People who receive an Economic Impact Payment this year should keep Notice 1444, Your Economic Impact Payment, with their tax records. This notice provides information about the amount of their payment, how the payment was made and how to report any payment that wasn't received.
For security reasons, the IRS mails this notice to each recipient's last known address within 15 days after the payment goes out. It's especially important for people to keep this notice if they think their payment amount is wrong. When they file their 2020 tax return, they can refer to Notice 1444 and claim additional credits, if they are eligible for them.
Taxpayers should keep this notice filed with all their other important tax records. These include, W-2s from employers,1099s from banks and other payers, other income documents and virtual currency transaction records.
There are several key tax provisions contained in the Consolidated Appropriations Act, 2021,
H.R. 133, that was signed into law on Dec. 27, 2020. Click the link below for more information about how this could affect you.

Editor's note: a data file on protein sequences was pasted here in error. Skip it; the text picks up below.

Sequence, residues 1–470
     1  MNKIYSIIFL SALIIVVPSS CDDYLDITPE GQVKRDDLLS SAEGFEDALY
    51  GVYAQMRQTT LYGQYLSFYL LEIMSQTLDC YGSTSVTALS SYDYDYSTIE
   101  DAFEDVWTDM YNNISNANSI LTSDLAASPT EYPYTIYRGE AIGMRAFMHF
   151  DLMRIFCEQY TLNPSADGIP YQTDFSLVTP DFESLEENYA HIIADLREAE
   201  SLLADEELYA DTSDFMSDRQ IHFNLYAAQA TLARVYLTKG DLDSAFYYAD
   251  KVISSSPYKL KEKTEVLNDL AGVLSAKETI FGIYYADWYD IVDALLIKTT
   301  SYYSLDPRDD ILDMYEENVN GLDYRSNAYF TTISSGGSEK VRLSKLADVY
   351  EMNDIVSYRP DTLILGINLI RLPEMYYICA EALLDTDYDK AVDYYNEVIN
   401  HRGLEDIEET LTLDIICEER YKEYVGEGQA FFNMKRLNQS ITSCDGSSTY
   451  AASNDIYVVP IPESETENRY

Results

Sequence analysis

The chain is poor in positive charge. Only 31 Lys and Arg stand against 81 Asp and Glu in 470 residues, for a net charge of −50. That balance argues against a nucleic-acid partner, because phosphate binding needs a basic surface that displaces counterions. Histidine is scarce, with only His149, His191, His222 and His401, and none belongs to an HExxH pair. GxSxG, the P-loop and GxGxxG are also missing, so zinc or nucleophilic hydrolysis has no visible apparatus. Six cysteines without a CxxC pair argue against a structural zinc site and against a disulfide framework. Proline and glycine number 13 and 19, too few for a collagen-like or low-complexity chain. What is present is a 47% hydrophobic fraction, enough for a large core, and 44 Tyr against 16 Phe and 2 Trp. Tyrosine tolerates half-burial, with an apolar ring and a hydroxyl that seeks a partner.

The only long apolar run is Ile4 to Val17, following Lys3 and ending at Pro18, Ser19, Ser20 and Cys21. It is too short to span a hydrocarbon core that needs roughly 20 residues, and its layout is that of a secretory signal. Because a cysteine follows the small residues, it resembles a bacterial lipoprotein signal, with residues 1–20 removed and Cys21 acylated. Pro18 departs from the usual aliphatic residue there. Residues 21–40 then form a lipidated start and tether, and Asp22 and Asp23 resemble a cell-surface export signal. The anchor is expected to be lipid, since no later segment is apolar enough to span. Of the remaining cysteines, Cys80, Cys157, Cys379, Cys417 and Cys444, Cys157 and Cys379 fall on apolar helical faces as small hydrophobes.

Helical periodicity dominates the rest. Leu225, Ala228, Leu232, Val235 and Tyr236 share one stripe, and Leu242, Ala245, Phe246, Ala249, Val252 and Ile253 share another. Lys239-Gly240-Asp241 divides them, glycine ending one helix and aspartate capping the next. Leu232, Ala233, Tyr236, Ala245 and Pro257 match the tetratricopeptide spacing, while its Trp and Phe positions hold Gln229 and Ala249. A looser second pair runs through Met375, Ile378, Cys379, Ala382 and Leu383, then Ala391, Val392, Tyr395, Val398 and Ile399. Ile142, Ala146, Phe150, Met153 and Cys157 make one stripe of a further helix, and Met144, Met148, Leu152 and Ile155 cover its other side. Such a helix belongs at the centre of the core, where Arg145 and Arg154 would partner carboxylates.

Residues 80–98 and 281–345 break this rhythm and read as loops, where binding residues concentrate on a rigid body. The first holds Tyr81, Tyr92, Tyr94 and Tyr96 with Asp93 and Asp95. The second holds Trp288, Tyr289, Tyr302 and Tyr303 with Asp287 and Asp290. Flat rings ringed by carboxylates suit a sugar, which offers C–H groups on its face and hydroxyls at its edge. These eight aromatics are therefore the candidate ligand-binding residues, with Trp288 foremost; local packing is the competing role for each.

Recent tax law changes will likely have an effect on your 2018 returns. Most of the individual provisions are temporary and set to expire in 2025. Although the changes may simplify tax returns for some, there are many complex issues to consider. Let us help you navigate these changes and minimize your tax liability to enhance your financial position.
Welcoming a new child into your life is a great joy, but it also means big financial changes. These young family members can affect your tax situation. To start off right, here are some tips to keep in mind.
A good education can be a steppingstone to a bright future, but it can also be a big financial burden. Whether it’s the first day of kindergarten at a private school or a second graduate degree, paying for an education has major tax consequences. To start things off right, here are some tax tips to keep in mind.